Domain Name disputes decisions usually tilt towards the prior event, whether it be the registration of the said domain name or related trademark. However, sometimes there are exceptions to it.
There might be the case, when an entity who registered earlier fails to get the domain name. However, this can happen depending upon the other scenarios revolving around the disputed domain name. As we would see in our domain story of CortexComputers.com.
What’s the case?
Arm Limited is an electronic products company. It is a company that provides technology-related goods and services, including designing electronic products such as computer processors, graphics processors, digital memories, and peripheral hardware, as well as supplying software and consultancy services for computer hardware. It has sold over 200 billion products under its ARM brand, and its products and services reach over 70 percent of the world’s population.
Their processors, marketed under the CORTEX trademark, are used as the main Central Processing Unit (“CPU”) for most mobile telephones and many other widely used devices, including laptops, tablets, televisions, and other electronic products.
However, another entity had registered the domain name CortexComputers.com. To oppose this, Arm Limited reached WIPO for arbitration.
The Complainant is a well-known technology company that has been providing goods and services related to computer hardware and software for over 30 years. The Complainant owns numerous trademark registrations worldwide for the word trademark CORTEX, including in the United States, where the Respondent lives and is employed. The Complainant also owns several domain names that incorporate the CORTEX trademark.
The disputed domain name, CortexComputer.com, was registered on June 3, 2018, and at the time of the Complainant’s screenshot taken on March 31, 2022, it was resolved to a GoDaddy website stating that the domain was registered but may still be available. At the time of this decision, the disputed domain name resolves to a GoDaddy parking page stating that the domain is not available, followed by links to various GoDaddy resources.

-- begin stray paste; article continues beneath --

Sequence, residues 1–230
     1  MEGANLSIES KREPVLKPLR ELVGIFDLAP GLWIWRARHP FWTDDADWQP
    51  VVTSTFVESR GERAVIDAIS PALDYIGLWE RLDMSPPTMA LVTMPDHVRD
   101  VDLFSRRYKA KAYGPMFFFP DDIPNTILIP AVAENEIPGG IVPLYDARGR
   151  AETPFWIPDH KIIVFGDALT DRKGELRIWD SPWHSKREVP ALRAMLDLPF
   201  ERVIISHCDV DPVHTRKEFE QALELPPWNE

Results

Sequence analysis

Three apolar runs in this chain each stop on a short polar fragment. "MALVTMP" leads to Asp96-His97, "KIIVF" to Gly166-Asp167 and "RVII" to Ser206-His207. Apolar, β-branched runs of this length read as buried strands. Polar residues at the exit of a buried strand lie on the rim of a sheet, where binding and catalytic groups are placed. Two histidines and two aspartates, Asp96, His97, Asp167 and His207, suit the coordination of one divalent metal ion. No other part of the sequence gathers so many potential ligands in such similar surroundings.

It appears that the Complainant is alleging that the Respondent’s registration and use of the disputed domain name infringes on the Complainant’s trademark rights in the CORTEX mark. Given the Complainant’s extensive use and registration of the CORTEX mark for goods and services related to computer hardware and software, it is possible that the Respondent’s use of the disputed domain name for similar or related goods and services may create a likelihood of confusion among consumers as to the source or affiliation of the products or services offered under the disputed domain name.
The Complainant argues that the disputed domain name is confusingly similar to its registered CORTEX trademark, as the domain name incorporates the Complainant’s trademark in its entirety, along with the term “computer” which is commonly associated with the Complainant and its goods and services. The Complainant contends that the addition of the term “computer” is insufficient to distinguish the disputed domain name from the Complainant’s registered trademark, and that the public is likely to be confused into believing that the disputed domain name belongs to the Complainant and not the Respondent.
The Complainant further argues that the Respondent has no rights or legitimate interests in the disputed domain name, as the Respondent has not used the domain name in connection with a bona fide offering of goods or services, and is not commonly known as “cortex”. The Complainant also contends that the Respondent is not making a legitimate noncommercial or fair use of the disputed domain name without intent for commercial gain to misleadingly divert the public or to tarnish the Complainant’s CORTEX trademark.
Lastly, the Complainant asserts that the disputed domain name was registered and is being used in bad faith, as the Respondent’s registration of the disputed domain name is consistent with establishing a parked domain for potential phishing or pharming attacks, and that the public is likely to be confused, misled, and deceived as to the source of the disputed domain name. The Complainant contends that the Respondent has no legitimate reason to have registered a domain name incorporating its CORTEX trademark, except to attempt to capitalise on the enormous goodwill and marketplace recognition associated with the Complainant’s trademark, and to prevent the Complainant from being able to register the disputed domain name itself.
The Respondent’s argument is that the term “cortex” is a common term used in the field of neuroscience to refer to the outermost layer of the brain, and the Complainant should not be able to enforce a trademark registration of a common term in biology. The Respondent registered the disputed domain name in 2018 because he was considering creating a brain-sensing headset under that name, once he completed his studies. ‘